We returned to camp unscathed and “very lucky” to have seen a giraffe. This trip to Swaziland was proving to be incredible. And unbeknownst to me was about to get totally freaking unbelievable. Back at camp, we wander to the watering hole for our final sunset over the watering hole. A few animals are out drinking and a few people are milling about like us. I am engaged in conversation by an older gentleman with a well worn sweater with the insignia of the park.
I ask him if he works there and he tells me he does, he runs the 4 parks. Then he tells me about the history of Swaziland, educating me on the animal sounds we are hearing, and explains in heartbreaking detail the plight of the rhinos. He describes the history of the parks, which is that the land was donated and there are 4 parks throughout the country. He tells me all about how the parks in Swaziland are some of the best at conservation saving numerous rhinos. He even tells me about his recent trip to the USA. Of course since I am an American ask him where he went and he informs he that he went to Tampa, Florida. I laugh out loud and share with him that that is my hometown and he can’t believe it. He went to the Lowery Park Zoo there to check on the elephants because they are Swazi elephants! He sent them there rather than destroy them because the population had gotten too big in their parks and my hometown zoo wanted elephants. Ultimately after all our conversations, we end up talking for almost an hour watching the sky turn pink over a couple of rhinos who came for one last drink.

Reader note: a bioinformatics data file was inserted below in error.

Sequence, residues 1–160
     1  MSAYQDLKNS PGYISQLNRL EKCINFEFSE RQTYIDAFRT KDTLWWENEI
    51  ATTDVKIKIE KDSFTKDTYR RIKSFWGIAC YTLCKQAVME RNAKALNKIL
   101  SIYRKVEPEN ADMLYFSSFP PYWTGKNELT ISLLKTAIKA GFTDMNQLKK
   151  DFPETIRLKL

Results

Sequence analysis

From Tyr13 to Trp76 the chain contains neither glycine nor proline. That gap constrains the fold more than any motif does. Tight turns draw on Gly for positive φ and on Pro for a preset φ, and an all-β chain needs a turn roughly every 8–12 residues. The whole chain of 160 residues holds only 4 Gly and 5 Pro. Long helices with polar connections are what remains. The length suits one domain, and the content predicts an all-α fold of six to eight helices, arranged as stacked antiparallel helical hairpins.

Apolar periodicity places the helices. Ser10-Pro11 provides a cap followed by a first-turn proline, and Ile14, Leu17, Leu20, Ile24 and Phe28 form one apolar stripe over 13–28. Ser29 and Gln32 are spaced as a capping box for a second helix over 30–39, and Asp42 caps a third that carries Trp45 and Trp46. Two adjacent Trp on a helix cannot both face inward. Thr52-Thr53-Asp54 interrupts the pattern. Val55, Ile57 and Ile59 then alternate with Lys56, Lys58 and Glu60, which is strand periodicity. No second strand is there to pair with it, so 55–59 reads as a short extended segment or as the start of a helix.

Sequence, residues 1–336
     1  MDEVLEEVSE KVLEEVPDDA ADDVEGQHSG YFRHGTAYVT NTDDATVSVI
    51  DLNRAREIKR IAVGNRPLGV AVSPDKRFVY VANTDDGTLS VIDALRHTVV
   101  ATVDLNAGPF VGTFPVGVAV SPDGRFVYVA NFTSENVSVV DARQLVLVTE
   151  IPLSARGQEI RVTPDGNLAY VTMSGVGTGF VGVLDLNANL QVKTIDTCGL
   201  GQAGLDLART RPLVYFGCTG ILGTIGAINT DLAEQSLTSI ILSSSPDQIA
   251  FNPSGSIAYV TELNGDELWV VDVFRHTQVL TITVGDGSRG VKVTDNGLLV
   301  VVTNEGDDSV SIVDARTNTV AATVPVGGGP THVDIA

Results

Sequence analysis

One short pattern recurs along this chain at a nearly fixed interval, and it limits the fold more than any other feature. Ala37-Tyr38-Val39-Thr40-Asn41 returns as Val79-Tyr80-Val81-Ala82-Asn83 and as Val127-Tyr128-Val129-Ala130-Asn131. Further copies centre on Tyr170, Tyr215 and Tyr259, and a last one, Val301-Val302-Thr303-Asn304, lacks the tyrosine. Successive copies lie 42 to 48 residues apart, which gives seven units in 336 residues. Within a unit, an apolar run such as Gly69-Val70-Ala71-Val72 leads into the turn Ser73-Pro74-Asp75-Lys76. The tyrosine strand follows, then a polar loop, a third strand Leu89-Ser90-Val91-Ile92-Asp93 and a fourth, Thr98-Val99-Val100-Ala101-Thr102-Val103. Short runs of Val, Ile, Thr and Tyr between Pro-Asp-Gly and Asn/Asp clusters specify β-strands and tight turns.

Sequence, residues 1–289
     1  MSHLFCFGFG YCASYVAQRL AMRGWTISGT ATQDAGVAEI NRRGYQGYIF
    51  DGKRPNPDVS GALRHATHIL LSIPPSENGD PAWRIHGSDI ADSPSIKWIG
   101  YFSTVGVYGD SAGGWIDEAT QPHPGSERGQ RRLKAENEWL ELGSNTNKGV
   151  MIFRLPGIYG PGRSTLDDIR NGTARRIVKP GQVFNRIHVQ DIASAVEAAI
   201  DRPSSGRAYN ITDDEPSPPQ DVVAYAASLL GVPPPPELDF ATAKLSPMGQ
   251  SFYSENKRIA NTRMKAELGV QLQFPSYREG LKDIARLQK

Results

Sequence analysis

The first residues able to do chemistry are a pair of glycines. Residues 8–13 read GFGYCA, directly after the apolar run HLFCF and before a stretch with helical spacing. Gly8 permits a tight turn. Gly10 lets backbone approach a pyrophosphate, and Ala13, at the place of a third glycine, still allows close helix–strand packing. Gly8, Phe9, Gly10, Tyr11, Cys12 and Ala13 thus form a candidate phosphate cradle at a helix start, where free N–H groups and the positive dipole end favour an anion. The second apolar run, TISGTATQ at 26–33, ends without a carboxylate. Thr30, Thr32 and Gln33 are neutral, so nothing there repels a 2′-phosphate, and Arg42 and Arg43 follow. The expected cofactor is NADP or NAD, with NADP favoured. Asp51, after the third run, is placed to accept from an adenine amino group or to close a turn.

Eventually, we must bid each other adieu as it is time to eat dinner and so I walk with him slowly up the path as he is using a cane. At the top of the path, he thanks me for chatting and puts out his hand to shake mine saying “It was nice to meet you, by the way my name is Ted”. I introduce myself and thank him for taking so much time to talk to me because I truly enjoyed it. He goes on his way and I am telling my friend about my encounter. As I am telling my story, she asks very seriously “what was his name” and I repeat “Ted”. She looks at me surprised and says “I think he is the man who started the conservation movement here in Swaziland”. Sure enough, we go back to the lonely planet guidebook and read all about Ted Reilly (another interview here), the man who helped save the rhinos in Swaziland and also the man who talked to a naive American girl about the animal she loves most in the world. Hlane Royal National Park had turned out to be one of the most memorable weekends of my life!